The vicarious agent serves the same function as an agent under common law serves; namely, representing a principal in his dealings with third parties. As in common law, the principal will be bound by, and held responsible for, the actions or inactions of his agent if the agent has acted within his or her scope of authority. Under common law, the scope of authority is established between the principal and agent pursuant to contract, law or custom (express authority, implied authority), but a principal may also be held responsible for persons purportedly acting on his behalf if the principal created the appearance that such person has the authority to act of his behalf (apparent authority). By contrast, under German law, a principal's liability to his obligee based on his vicarious agent's actions or inactions will depend simply on whether the vicarious agent was acting within the principal's scope of duties owed to the principal's obligee. *** Thus, while the actions or inactions of an agent under common law and a German vicarious agent both serve to bind the principal vis-à-vis the principal's counter-party (obilgee), the criteria for determining whether the agent acted within his scope of authority, thereby binding his principal, are somewhat different. Given the fact that German law also has other concepts that share many of the same features as Erfüllungsgehilfen (e.g., Verrichtungsgehilfen, Bevollmächitgen) and given the need for these concepts to be distinguished, TransLegal recommends using the commonly used neologism, "vicarious agent" (see below).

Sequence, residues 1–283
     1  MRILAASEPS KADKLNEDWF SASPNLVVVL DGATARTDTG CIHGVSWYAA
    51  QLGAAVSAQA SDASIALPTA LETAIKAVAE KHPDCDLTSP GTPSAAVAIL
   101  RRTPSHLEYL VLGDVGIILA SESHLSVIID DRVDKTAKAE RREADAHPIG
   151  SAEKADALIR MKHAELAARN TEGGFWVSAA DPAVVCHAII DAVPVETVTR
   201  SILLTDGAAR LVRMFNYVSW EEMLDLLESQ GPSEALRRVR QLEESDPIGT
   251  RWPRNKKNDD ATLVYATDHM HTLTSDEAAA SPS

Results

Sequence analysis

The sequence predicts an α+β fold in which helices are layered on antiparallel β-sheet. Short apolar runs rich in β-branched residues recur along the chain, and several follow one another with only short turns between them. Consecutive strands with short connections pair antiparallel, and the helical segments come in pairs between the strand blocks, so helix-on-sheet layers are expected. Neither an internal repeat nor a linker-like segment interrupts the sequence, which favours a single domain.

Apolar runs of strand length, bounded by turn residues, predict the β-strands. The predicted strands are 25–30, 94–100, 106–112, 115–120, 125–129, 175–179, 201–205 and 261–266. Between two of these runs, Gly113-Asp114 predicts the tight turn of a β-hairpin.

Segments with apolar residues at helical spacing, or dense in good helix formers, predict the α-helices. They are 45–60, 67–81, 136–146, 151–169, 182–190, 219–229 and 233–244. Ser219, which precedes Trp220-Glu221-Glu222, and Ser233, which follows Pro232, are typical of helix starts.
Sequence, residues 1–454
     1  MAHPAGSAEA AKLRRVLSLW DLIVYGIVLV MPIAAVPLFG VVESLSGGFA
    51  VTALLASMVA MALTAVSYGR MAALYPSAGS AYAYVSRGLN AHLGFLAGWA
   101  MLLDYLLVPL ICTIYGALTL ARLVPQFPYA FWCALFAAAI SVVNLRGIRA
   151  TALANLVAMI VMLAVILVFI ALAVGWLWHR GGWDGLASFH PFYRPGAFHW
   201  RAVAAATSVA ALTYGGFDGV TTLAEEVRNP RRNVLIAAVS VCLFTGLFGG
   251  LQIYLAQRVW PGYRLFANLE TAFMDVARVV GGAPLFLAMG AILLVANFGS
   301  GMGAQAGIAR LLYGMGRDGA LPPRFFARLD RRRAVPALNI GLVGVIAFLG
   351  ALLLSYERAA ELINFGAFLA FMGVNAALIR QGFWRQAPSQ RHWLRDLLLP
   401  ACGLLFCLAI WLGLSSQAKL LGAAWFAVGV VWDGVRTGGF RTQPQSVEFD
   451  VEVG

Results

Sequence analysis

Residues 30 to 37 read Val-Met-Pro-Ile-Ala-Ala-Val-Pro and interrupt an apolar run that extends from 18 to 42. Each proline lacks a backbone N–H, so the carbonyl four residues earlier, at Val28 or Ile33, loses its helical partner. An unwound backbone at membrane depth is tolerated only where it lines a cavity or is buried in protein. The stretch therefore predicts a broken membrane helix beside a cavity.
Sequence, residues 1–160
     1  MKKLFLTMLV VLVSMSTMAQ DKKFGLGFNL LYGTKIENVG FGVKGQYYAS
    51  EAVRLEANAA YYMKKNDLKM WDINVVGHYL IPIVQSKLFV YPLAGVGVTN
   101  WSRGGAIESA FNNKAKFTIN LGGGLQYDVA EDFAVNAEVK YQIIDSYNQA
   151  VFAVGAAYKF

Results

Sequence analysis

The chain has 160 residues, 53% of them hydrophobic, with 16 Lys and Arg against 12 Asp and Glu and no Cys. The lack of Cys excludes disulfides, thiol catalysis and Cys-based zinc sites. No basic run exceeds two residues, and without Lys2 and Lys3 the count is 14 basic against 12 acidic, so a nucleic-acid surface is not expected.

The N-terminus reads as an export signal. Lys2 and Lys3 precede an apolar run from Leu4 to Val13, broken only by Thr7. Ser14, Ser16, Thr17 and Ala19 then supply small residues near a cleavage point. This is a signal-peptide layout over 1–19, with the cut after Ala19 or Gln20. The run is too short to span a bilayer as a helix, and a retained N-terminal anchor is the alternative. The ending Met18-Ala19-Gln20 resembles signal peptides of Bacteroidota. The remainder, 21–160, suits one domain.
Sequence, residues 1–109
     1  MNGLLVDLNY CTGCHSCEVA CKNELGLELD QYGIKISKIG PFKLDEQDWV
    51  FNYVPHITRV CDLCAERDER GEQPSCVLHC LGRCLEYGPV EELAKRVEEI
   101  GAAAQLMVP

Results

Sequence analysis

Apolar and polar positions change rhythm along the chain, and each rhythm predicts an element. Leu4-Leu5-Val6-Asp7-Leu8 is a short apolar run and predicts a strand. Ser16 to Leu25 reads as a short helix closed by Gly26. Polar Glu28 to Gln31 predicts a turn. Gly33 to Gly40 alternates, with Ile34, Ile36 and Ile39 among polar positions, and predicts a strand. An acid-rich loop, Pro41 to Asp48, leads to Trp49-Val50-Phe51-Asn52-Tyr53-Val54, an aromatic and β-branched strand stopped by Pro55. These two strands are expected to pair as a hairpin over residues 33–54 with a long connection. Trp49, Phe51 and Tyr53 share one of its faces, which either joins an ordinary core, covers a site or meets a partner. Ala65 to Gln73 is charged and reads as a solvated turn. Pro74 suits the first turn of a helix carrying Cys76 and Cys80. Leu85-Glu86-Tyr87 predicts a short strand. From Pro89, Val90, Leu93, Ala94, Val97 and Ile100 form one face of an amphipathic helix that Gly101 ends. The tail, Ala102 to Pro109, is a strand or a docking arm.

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a person who is authorised to act for or represent another; a person authorised by another to act on his behalf
She asked her agent to arrange for the sale of her car.